You’re the Expert: What Your Audience Doesn’t Know CAN Hurt

Concept development
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Title graphic for Hillary Weiss blog post titled Embrace your expertise: what your audience doesn’t know can hurt them.

Maybe you’ve heard this one before:

I asked DOZENS of people what they wanted in a program and basically none of them ended up buying!

I asked people what they wanted in a podcast. It’s not stuff I actually want to talk about, but should I just do it anyway…?

^^ I hear stuff like this fairly often in my coaching practice/sprints/VIP days — and listen friend, it happens.

LOOK: market research and polling can be super handy. It’s a great, often necessary way to get insights for messaging, feedback to mull over on aspects of your initial ideas, etc.


Where I find people get stuck is putting audience’s input (usually with a VERY small sample size of respondents) above their own knowledge, expertise, and view of the market when it comes to products and offers they want to create…

… Because they’re not willing to bet on themselves to see the opportunity and make the call.

What Your Audience Doesn’t Know CAN Hurt

The issue is twofold:

1, Opinions =/= buyers and listeners.

Folks might be well-meaning with their answers, but whether they’ll actually BUY what they ask for is another matter entirely.

And often by the time the product/offer you’ve designed for them comes out, they’ve moved on to another issue, or solved that problem another way.

2, Your audience doesn’t have the depth of knowledge you do, and simply don’t have the full scope of the help you can offer them.

“I’ll Take Diamond Ring and a Pony for $10, Alex”

So that’s why you get a lot of “diamond ring and a pony, for $10” answers when you poll people about what they want from you/how much they’d be willing to pay. ‘

(^^^ and you only have to ask that last question once to learn to never ask it again!)

Folks don’t know what they don’t know. And if they can’t imagine it, they can’t place value on it.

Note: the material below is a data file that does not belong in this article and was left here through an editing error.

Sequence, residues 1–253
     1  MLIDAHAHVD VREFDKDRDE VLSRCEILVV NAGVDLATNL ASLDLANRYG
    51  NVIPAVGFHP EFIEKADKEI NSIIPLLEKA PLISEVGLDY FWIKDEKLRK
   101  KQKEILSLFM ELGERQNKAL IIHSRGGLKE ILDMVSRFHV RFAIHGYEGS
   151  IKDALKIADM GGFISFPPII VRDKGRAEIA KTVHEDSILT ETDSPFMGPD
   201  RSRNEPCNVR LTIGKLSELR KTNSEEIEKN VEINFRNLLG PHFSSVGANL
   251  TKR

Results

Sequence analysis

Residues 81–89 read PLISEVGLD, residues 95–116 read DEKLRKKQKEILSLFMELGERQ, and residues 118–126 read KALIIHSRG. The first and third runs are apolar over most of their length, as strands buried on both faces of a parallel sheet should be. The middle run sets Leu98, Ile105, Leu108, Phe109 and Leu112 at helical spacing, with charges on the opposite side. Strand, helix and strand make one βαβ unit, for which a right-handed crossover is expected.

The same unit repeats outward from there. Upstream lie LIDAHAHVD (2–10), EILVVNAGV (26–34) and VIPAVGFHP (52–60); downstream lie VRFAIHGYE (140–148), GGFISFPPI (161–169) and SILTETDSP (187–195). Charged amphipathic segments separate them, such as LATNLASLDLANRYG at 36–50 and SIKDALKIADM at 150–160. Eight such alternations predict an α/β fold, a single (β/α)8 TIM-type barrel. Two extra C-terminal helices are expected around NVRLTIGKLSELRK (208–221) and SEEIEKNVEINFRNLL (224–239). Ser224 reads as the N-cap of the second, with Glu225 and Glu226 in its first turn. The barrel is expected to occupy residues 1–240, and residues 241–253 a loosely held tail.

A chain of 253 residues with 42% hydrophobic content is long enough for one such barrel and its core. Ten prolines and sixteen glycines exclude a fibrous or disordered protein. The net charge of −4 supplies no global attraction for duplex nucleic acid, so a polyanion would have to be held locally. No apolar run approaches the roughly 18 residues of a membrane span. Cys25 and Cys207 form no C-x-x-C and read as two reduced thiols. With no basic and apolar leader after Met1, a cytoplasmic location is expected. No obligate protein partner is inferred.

And honestly, why should they?

As an expert, your audience shouldn’t be responsible for your ideation.

Be the Expert – Learn to Trust Your Experience

That’s why, if you look at the patterns, the industries best know how to to spot and anticipate need (because they know their audience, market, and subject inside and out), as opposed to ask and ask and ask in the hopes they’ll find a home run.

For example…

Imagine going to a fancy restaurant, and when you sit down the server’s like:

“I dunno, what do you want? You tell us, we can make anything!”

And then stands there, silent and expectant, waiting for your reply.

It may seem cool for about 30 seconds, but eventually you’d probably say:

“Uhhh all I can think about is grilled cheese and I’m about to drop $500 on this meal. So listen buddy, I’m here to eat, not to think. Just tell me what’s good!”

(Not to mention, you’d have some questions about the way the kitchen was run.)

Nay — in fact, the world’s best restaurants have extremely limited menus!


Because they know what they do well, and they’re all about creating the experience FOR you… which is what you pay for.

Stop Crowdsourcing and Start Shipping

Anyway — if you get a couple tequilas in me at a conference bar I will monologue emphatically about how a lot of online biz folks NEED TO STOP CROWDSOURCING THEIR NEXT MOVES JUST BECAUSE THEY’RE PLAYING CHICKEN WITH THEIR IDEAS.

But for now I’m just here to remind ya:

You probably have all the knowledge required to anticipate needs/create awesome stuff for your audience without their input.

After all — you work with your clients every day.

You solve problems every day.

You get results every day.

You work your magic every day.

Chances are, if you let yourself be still for a moment and put your mind to it, you’d have a pretty solid inkling of what people need — even if they don’t know they need it yet.

So practice trusting yourself on that.

See what happens.

Write on,

Photo by Kenny Eliason on Unsplash

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